China's Xi Jinping visits Saudi Arabia to assert power and rival U.S. influence
Updated December 8, 2022 at 11:31 AM ET
DUBAI, United Arab Emirates — China's leader, Xi Jinping, is in Saudi Arabia for a visit showcasing Beijing's ambitions to expand its influence in the Gulf, a region traditionally seen as a close U.S. security partner.
For Xi, who recently secured a third term in power, the trip is a chance to grow China's foothold in the Middle East and rival the United States. China wants to export more of its technology and deepen its investments in areas like ports, mining, nuclear technology and defense in the Middle East.
For Saudi Arabia's Crown Prince Mohammed bin Salman, the visit is an opportunity to cement his place as the prime minister of a country seen as a regional anchor and heavyweight. Under his lead, Saudi Arabia has resisted picking sides in the rivalry between the U.S. and other global powers. Saudi Arabia and the United Arab Emirates announced they mediated Thursday's prisoner swap between the U.S. and Russia. They credited their "mutual and solid friendship" with both Washington and Moscow.
Xi met with Saudi leaders on Thursday, including with King Salman. Saudi Arabia is also hosting summits for Xi with Gulf Arab leaders and heads of state from other Mideast countries on Friday. Ahead of the summits, Xi met with Egyptian President Abdel-Fattah El-Sisi in Riyadh on Thursday.
Xi's visit raises pressure on the U.S. in the Mideast
Over the summer, President Biden visited Saudi Arabia aiming to reassure wary allies and asserting the U.S. presence in the region. He told a gathering of Arab leaders in Saudi Arabia that the U.S. "will not walk away and leave a vacuum to be filled by China, Russia or Iran."
But he was unable to secure greater oil production from the Saudis, who would soon lead an effort to cut oil production by some 2 million barrels a day in a pact with Russia. There were also conflicting reports about what was said between the president and the Saudi crown prince concerning human rights and the killing of Saudi critic Jamal Khashoggi by agents who worked for Prince Mohammed in late 2018.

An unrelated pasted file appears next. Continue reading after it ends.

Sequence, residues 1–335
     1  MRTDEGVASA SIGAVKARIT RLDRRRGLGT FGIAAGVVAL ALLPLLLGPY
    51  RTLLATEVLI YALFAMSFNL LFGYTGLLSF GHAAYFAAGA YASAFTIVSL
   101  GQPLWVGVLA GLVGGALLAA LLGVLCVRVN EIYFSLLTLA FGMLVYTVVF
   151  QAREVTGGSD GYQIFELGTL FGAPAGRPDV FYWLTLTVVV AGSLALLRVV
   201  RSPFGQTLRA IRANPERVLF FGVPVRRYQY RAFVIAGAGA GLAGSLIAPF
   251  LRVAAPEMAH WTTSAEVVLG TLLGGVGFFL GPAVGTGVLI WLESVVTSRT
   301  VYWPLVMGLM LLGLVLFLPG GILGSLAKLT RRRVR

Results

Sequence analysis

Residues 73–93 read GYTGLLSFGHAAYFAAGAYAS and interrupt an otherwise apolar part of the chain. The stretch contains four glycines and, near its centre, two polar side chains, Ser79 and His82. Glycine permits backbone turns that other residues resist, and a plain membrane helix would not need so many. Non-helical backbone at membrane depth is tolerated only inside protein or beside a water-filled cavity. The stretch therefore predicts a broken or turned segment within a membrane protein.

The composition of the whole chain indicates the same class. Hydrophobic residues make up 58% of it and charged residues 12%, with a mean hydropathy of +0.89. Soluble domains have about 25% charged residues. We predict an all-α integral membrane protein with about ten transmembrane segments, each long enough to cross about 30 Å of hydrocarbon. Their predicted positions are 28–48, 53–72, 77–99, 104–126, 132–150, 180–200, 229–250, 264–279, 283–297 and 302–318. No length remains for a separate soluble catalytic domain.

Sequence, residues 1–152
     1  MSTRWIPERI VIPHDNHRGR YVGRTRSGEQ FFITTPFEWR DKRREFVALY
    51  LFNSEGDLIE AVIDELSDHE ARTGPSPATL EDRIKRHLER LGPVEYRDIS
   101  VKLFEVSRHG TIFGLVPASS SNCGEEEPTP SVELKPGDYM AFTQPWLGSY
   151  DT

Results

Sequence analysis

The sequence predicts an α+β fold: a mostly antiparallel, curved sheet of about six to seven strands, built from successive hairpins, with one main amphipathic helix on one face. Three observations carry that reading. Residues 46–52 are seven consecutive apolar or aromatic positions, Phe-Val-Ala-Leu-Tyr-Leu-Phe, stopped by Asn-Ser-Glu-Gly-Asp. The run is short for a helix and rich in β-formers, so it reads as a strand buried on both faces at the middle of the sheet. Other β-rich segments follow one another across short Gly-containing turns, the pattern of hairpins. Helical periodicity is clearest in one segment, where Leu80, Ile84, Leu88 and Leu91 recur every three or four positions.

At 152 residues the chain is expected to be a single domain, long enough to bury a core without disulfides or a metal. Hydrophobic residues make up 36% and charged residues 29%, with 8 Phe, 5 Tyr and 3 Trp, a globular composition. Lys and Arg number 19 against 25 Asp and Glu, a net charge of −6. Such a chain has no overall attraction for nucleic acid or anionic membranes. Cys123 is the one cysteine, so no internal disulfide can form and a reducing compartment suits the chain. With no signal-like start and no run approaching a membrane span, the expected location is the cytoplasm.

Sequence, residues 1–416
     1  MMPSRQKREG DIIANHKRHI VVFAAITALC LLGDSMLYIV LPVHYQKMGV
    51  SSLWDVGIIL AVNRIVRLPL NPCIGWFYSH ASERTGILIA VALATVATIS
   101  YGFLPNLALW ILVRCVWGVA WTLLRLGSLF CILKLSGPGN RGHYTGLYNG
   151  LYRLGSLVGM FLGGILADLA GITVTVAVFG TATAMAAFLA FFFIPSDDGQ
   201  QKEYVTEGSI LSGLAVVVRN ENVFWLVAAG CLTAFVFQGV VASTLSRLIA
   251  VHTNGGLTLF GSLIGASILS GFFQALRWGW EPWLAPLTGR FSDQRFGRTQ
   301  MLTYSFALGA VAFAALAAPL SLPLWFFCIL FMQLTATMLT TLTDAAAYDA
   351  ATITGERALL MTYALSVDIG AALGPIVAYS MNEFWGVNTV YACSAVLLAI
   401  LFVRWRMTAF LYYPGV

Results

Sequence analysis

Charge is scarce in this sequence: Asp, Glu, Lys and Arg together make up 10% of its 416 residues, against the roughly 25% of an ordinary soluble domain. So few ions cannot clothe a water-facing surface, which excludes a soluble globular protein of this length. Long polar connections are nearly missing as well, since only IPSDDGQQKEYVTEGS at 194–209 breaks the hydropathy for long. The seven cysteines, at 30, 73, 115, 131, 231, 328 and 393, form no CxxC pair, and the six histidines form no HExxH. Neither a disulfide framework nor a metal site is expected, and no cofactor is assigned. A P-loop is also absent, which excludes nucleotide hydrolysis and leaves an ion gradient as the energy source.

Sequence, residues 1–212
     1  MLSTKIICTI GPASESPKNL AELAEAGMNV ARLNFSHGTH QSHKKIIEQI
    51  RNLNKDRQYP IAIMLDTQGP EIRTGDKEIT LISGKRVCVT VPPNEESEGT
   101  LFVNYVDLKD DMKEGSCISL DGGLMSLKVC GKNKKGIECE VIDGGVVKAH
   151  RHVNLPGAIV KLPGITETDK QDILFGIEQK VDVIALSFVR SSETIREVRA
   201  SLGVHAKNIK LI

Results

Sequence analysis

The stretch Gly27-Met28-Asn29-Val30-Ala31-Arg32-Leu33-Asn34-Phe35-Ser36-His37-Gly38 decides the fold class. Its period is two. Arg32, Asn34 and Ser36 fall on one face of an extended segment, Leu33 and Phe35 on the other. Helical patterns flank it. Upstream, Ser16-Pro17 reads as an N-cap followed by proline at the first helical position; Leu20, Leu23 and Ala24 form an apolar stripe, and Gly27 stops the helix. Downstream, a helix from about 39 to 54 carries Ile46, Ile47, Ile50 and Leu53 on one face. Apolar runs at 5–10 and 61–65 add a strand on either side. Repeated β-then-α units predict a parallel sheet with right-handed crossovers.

The U.S. remains concerned that China is encroaching on its sphere of influence in the region. In remarks reported by Reuters and Agence France-Presse, White House National Security Council spokesman John Kirby told reporters this week that China is trying to deepen its level of influence in the Middle East in ways that "are not conducive to preserving the international rules-based order."
"We are not asking nations to choose between the United States and China, but as the president has said many times we believe that in this strategic competition the United States is certainly well poised to lead," Kirby was reported to have said.
Bernard Haykel, a professor of Near Eastern studies at Princeton University who has had ties with the Saudi royal court, wrote in the Saudi-owned Al Arabiya news website that China is eroding Washington's role as a regional powerbroker. He noted that China, which has ties with Iran, has positioned itself as a partner to Gulf Arab states by supplying weapons like armed drones that the United States has refused to do.
A chance to assert the Gulf's autonomy
Gulf Arab officials have long expressed concerns that the U.S. is increasingly disengaging from the region and focused on countering China in East Asia.
The Gulf is now ruled by relatively young and assertive leaders in Saudi Arabia, Qatar and the United Arab Emirates. While these countries still heavily rely on the United States for their national security needs and weapons sales, they're leveraging this competition to their own advantage, said John Calabrese, an assistant professor at American University. This visit by Xi is an example of how they refuse to be pulled to any one side.
"Gulf leaders understand that the current geopolitical situation invites, it permits a kind of, you know, opportunism on their part," he said. "They now see themselves in a position to leverage their relationship with the United States and, to some extent, to play the U.S. and China against each other in ways that they perceive may benefit their own national interests."
Oil and defense are at the heart of Saudi-China ties
While Saudi Arabia and China are expected to announce billions of dollars in new deals, they are interdependent on one another for oil. The Gulf states rely on China as a top buyer of their oil exports.
"The bottom line here is that China is tethered to the Middle East, to the Gulf in particular, specifically because of its energy security needs," said Calabrese, who also heads the Middle East Asia Project at the Middle East Institute in Washington.
Prince Mohammed, however, is seeking to diversify Saudi Arabia's economy away from reliance on oil exports. As part of that larger vision to bolster the kingdom's independence and economic might, he's aiming to build a homegrown Saudi defense industry. China is seen as an important partner in providing the technology and know-how to build out the kingdom's defenses. The kingdom is also looking to China for nuclear technology.
The visit marks only the third time for Xi to travel abroad since the coronavirus pandemic began three years ago. It is also the first time he's left China since protests erupted against his government's COVID-19 lockdown policies. The government responded to those protests by loosening some measures this week, including allowing people to quarantine at home rather than a state facility if they test positive for the virus.
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